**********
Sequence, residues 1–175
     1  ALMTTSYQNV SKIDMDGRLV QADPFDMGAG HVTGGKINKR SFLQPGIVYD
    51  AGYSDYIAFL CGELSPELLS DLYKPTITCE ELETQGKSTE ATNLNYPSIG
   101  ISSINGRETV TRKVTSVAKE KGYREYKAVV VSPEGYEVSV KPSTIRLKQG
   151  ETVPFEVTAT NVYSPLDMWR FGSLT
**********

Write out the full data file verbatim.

Sequence, residues 1–175
     1  ALMTTSYQNV SKIDMDGRLV QADPFDMGAG HVTGGKINKR SFLQPGIVYD
    51  AGYSDYIAFL CGELSPELLS DLYKPTITCE ELETQGKSTE ATNLNYPSIG
   101  ISSINGRETV TRKVTSVAKE KGYREYKAVV VSPEGYEVSV KPSTIRLKQG
   151  ETVPFEVTAT NVYSPLDMWR FGSLT